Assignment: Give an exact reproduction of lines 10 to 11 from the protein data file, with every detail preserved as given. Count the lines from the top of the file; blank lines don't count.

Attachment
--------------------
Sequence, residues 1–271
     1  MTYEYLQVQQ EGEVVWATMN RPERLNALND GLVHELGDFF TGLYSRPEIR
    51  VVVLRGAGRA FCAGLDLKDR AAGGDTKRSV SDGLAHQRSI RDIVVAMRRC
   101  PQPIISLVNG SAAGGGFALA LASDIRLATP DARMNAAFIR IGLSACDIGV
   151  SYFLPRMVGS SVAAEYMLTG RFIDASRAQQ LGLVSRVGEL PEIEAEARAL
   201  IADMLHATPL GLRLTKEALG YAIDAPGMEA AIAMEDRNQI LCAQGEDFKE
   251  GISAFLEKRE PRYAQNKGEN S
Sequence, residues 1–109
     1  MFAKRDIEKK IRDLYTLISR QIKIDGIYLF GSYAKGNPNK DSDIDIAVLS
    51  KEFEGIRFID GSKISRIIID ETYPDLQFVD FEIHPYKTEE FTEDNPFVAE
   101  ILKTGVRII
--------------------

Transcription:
    51  KEFEGIRFID GSKISRIIID ETYPDLQFVD FEIHPYKTEE FTEDNPFVAE
   101  ILKTGVRII